Tuesday, September 20, 2005

I'll take these statements much more seriously when the Saudi's start doing the following:


  1. Denouncing suicide bombings by Palestinians against Israel as terrorism
  2. Fire the government-paid clerics who preach radicalism in their mosques

Saudi Official Urges Muslims 'To Combat Deviant Thoughts', 'Oppose Terrorism' Report by Galal Fakkar in Mecca: "Makkah Plays Pivotal Role in Promoting Tolerance: Governor"

Arab News

Monday, September 19, 2005 T07:02:04Z

The holy city of Makkah has been playing a big role in promoting tolerance and encouraging dialogue between various cultures, says Makkah Governor Prince Abdul Majeed.

Prince Abdul Majeed made the remarks while inaugurating celebrations to mark Makkah as the Islamic cultural capital of 2005. He urged intellectuals and scholars all over the Islamic world to combat deviant thoughts and oppose all types of terrorism, which is totally against the spirit of Islam and its lofty goals.

The governor reminded scholars and intellectuals of their great responsibility saying they have to lighten the way of people keeping up with modern developments.

He also emphasized the role of educated women in bringing up future generations on the basis of pure Islamic teachings.

Culture and Information Minister Iyad Madani said Makkah has been the center of culture and civilization since time immemorial. Scholars from different parts of the world came to the city and enlightened the world through their knowledge.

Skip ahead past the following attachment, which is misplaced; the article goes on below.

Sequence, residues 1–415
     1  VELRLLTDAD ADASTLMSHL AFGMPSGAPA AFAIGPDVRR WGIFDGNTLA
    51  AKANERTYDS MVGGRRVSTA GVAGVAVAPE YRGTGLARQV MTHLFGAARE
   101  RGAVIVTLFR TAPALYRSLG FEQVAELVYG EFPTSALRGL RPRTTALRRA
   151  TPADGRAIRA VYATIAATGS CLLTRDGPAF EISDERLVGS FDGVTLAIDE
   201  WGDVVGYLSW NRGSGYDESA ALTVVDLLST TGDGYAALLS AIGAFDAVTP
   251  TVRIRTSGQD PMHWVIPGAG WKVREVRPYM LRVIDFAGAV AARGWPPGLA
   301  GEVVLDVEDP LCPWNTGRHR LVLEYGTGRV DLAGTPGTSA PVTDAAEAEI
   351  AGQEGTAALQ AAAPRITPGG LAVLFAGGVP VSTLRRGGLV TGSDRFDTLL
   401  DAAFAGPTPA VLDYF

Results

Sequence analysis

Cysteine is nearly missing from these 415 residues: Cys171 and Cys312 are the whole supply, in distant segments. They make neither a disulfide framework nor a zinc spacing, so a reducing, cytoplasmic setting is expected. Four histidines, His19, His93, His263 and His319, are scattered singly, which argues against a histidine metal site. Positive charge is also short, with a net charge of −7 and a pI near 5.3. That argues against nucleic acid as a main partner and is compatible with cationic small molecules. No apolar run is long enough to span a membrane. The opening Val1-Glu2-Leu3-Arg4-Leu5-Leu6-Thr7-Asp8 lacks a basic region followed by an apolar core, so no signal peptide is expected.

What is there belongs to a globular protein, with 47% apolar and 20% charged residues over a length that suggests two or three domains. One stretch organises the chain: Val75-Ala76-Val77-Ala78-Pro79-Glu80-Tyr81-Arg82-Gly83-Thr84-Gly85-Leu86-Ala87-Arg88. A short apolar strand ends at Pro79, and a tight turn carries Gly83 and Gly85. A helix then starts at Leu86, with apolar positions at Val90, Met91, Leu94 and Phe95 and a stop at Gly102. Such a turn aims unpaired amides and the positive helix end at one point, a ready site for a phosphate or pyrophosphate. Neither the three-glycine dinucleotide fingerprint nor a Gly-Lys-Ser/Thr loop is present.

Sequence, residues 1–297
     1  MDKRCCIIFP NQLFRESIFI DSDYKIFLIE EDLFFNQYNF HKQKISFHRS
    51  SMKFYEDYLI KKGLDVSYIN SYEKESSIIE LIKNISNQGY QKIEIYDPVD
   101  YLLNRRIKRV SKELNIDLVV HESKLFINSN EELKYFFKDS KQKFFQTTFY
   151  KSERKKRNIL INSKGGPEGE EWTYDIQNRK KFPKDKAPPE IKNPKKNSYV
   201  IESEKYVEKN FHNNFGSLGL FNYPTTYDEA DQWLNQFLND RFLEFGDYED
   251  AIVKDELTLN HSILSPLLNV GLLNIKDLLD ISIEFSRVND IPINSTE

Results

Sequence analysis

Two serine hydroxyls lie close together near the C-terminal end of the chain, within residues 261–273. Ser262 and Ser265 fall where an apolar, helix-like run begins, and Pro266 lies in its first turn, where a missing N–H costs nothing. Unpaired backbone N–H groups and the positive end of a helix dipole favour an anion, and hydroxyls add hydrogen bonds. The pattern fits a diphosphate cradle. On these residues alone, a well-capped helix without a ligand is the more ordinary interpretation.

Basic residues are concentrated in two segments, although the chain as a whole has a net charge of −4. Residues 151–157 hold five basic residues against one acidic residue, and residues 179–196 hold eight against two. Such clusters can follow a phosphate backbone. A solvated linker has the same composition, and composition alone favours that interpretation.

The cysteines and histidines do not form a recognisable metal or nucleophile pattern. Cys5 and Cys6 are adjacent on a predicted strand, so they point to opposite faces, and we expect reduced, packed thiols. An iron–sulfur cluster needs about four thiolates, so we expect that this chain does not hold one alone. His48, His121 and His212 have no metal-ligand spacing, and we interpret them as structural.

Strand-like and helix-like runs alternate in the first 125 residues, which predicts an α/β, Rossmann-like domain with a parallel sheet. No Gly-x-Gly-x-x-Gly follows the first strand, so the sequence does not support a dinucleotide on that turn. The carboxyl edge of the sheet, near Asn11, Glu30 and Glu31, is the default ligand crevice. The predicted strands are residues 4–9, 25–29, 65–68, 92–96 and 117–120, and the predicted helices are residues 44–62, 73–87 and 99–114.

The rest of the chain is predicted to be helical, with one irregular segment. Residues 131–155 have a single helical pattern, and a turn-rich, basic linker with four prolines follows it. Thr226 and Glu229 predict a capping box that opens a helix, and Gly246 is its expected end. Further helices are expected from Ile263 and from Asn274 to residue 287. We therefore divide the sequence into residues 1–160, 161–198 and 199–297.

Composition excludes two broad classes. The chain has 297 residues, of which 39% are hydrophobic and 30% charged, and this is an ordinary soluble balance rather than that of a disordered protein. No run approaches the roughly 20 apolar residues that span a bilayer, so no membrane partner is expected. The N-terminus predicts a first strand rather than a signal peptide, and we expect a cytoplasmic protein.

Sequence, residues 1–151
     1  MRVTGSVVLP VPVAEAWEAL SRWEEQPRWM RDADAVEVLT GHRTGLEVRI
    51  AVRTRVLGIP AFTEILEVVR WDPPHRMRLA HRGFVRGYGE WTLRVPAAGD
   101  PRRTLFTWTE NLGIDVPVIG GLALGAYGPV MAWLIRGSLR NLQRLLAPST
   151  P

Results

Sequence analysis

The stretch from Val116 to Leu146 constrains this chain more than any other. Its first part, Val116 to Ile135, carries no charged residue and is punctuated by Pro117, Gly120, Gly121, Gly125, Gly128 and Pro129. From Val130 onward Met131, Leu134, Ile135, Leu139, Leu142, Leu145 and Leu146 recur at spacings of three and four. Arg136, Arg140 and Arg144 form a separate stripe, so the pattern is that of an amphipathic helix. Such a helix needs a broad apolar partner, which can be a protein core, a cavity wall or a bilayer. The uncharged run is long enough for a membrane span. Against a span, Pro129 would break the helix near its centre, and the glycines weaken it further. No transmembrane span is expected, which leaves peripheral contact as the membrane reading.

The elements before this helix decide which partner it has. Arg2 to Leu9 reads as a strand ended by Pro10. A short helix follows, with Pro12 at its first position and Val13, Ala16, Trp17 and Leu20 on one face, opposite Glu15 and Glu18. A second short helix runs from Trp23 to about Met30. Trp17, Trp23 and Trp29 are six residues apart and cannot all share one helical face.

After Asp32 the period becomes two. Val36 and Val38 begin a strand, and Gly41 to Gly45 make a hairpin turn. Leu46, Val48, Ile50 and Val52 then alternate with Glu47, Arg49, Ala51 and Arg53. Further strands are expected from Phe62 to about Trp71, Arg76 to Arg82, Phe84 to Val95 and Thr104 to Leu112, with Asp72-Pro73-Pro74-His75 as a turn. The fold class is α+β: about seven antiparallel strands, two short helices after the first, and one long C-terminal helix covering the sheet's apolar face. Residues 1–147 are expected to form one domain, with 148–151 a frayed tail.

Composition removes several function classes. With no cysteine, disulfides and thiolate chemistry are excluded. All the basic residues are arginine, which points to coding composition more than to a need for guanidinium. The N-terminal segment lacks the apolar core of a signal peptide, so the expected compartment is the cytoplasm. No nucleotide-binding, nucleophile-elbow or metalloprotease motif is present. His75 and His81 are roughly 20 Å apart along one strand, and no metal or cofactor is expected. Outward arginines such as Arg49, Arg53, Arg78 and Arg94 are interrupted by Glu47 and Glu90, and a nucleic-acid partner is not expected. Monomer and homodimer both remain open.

"These scholars promoted tolerance by reaching out to non-Muslims," he pointed out. He spoke about Makkah's heritage, which is manifested itself in its streets, buildings, lifestyle, fashions and food.

Dr. Nasser Al-Saleh, president of Um Al-Qura University and secretary-general of the festival organizing committee, said his university would host about 70 cultural events this year as part of the festivities.

Higher Education Minister Dr. Khaled Al-Anqari inaugurated a museum at the university showcasing the city's rich heritage including old coins, Islamic engravings, old calligraphic writings and several rare possessions.

Dr. Muhammad Al-Oqla, undersecretary at the university for studies and scientific research, said the university had been making preparations for the festival for the past 18 months in coordination with other government agencies.

A three-day seminar focusing on the importance of Makkah is being held as part of the festival. Al-Saleh said more than 300 research papers would be presented at the seminar by scholars and historians from within and outside the Kingdom.

"The seminar will focus on nine main topics including Makkah's religious role and its influence on other nations; cultural and educational movements in Makkah; endowments and their effect on Makkah society; the concept of security in Makkah; Makkah environment; and the expansion of the Grand Mosque.

"The main objective of the seminar is to study the cultural role of Makkah, past and present," the Um Al-Qura president said, adding that the seminar would have a total of 16 sessions.

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